Do animals have the concept of death and mortality?

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Do animals wrestle with the concepts of death and mortality?

This writer claims there is a lot of evidence that at least some predator animals have a concept of death and mortality, something long assumed to be peculiar to human beings in the concept of human exceptionalism. The behavior of elephants has seemed to be one of the few examples of death awareness in the animal kingdom. Now this article makes another interesting argument, based on the phenomenon of thanatosis, or "playing possum" among various prey animals. These prey animals don't need to have developed any such concept, but their predators evidently have.


Quote:"....opossums themselves don't necessarily have a concept of death, or behave this way (thanatosis) with the (mental) intention of being mistaken for a corpse. On the contrary, it appears to be a genetically inherited behaviour that does not require any learning and that is triggered automatically upon the detection of certain stimuli. What this does mean, however, is that the predators’ concept of death was the likely selection pressure that shaped these displays. Maybe opossums lack a concept of death, but we can be pretty sure that the animals who intended to feed on them throughout their evolutionary history did tend to have one."
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(2021-09-15, 11:07 PM)nbtruthman Wrote: Do animals wrestle with the concepts of death and mortality?

This writer claims there is a lot of evidence that at least some predator animals have a concept of death and mortality, something long assumed to be peculiar to human beings in the concept of human exceptionalism. The behavior of elephants has seemed to be one of the few examples of death awareness in the animal kingdom. Now this article makes another interesting argument, based on the phenomenon of thanatosis, or "playing possum" among various prey animals. These prey animals don't need to have developed any such concept, but their predators evidently have.

I guess I wonder why the predator must have a concept of death capability in order to pass by a, seemingly, dead prey in favor of a live one whereby the prey's instinct to play dead is just a result of programmed behavior (i.e., fitness).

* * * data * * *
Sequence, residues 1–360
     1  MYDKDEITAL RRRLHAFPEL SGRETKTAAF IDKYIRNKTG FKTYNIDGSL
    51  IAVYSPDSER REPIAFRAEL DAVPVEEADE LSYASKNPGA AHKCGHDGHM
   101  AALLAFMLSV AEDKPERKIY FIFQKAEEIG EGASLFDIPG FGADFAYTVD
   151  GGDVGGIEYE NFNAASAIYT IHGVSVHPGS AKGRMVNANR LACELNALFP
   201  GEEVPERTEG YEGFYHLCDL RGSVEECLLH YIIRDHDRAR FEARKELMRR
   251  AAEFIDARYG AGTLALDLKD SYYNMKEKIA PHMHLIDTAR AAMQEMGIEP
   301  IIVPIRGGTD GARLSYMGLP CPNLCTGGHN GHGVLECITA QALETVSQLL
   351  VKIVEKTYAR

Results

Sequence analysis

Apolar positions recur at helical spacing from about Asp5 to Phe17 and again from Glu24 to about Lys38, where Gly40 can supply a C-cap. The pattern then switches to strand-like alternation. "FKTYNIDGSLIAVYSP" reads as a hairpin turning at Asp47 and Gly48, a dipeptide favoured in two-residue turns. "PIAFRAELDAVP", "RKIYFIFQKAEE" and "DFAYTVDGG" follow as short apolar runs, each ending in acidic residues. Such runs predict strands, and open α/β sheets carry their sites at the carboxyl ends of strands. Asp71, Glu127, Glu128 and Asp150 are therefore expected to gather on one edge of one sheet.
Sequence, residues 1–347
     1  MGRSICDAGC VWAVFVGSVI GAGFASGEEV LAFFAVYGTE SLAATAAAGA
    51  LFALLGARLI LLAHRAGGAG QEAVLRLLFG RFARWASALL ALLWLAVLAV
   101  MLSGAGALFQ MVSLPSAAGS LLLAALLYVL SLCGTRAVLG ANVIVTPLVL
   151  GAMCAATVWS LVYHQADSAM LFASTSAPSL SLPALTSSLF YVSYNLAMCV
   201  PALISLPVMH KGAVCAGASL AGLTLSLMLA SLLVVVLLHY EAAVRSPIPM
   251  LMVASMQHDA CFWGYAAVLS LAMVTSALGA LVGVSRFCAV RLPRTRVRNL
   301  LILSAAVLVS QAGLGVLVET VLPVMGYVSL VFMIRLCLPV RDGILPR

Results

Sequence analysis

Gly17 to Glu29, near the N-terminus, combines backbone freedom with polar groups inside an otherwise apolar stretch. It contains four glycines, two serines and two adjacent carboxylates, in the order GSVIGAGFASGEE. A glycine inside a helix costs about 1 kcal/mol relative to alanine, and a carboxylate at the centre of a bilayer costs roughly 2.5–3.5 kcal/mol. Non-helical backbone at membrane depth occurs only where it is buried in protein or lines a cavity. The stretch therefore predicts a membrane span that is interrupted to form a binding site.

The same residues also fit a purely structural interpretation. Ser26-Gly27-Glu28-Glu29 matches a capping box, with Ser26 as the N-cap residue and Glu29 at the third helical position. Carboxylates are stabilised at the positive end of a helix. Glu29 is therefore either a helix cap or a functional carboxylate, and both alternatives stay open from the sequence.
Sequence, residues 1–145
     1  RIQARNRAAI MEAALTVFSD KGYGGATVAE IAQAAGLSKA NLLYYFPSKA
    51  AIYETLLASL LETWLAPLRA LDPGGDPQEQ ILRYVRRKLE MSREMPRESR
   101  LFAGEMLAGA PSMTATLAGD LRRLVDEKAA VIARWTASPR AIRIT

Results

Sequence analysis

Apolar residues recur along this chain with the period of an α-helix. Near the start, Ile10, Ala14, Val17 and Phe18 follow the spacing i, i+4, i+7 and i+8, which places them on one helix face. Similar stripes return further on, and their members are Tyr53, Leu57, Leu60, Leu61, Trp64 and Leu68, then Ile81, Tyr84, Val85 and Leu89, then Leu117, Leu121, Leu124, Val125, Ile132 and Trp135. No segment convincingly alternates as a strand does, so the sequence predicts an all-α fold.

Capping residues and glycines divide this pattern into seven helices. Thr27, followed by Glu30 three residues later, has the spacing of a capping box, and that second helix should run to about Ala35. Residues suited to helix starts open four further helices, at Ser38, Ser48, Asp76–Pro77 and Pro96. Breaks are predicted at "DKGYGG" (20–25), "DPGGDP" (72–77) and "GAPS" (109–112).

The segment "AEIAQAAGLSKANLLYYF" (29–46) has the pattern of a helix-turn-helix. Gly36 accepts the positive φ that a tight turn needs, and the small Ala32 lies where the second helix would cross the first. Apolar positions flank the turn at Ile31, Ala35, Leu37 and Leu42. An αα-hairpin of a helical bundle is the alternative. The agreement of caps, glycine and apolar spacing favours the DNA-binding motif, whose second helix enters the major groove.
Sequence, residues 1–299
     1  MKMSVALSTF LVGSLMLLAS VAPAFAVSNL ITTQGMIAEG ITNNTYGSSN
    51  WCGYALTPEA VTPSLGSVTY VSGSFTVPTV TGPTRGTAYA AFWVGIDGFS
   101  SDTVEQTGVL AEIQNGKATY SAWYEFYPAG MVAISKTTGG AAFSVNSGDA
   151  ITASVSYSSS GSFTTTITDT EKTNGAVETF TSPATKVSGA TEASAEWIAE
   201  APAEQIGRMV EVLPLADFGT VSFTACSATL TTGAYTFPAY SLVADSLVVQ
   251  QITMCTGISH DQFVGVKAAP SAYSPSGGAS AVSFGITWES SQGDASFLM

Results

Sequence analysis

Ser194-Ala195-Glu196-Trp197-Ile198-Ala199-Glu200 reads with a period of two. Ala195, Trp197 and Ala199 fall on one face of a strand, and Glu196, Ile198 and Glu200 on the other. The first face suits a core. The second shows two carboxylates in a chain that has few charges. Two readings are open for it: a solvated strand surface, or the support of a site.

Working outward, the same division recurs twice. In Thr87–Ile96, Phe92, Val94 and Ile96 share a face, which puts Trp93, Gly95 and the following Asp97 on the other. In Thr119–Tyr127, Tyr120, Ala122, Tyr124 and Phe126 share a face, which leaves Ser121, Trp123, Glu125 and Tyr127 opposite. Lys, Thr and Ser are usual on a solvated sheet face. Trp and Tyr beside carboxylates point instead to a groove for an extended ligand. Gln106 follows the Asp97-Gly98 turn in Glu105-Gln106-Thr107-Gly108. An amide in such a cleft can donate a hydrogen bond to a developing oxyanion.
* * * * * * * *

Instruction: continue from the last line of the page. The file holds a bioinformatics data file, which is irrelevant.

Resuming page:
Couldn't the selection pressure have simply been dying from eating infected carrion?
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It seems fairly certain that elephants have a pretty clear concept of death based on their behaviors.
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The authors speculate a lot on the evolution of thanatosis, and seem to infer (or imply - one of those rare occasions on which both words are applicable) that in this respect thanatosis is nothing more than an insentient instinct. This seems to me to be an uncharitable and unlikely interpretation (of prey animals' awareness). Even when we humans act instinctively, we are able to reflect on why we acted in that way: what purpose the instinct served, and whether it was justified. I don't see why we should deny animals this level of self-reflectivity too, albeit that it probably doesn't occur in words.

That said, the article's conclusion was satisfying.
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(2021-09-16, 12:43 AM)chuck Wrote: It seems fairly certain that elephants have a pretty clear concept of death based on their behaviors.

It does to me too.  For clarity's sake, my initial post was only questioning the logic and underlying scientific validity of this specific study.
(2021-09-16, 12:15 AM)Silence Wrote: I guess I wonder why the predator must have a concept of death capability in order to pass by a, seemingly, dead prey in favor of a live one whereby the prey's instinct to play dead is just a result of programmed behavior (i.e., fitness).

Couldn't the selection pressure have simply been dying from eating infected carrion?

This seems to be a valid question. Why couldn't the mechanism in the predator be simply the development in evolution of automatic programmed behaviors to avoid prey animals that exhibit certain characteristics including immobility, tongue out, defecation, smell, etc. These programmed instinctual behaviors on the part of the predators would not involve any formation of concepts of death or mortality. Of course, this sort of approach would be harking back to the now abandoned Skinnerian behaviorism, which looks at animals as non-sentient bundles of operant conditioned and instinctual behaviors, no mind required. Anybody with a pet dog who closely observes the animal will quickly discover how ridiculous behaviorism really is.
(This post was last modified: 2021-09-16, 11:53 PM by nbtruthman.)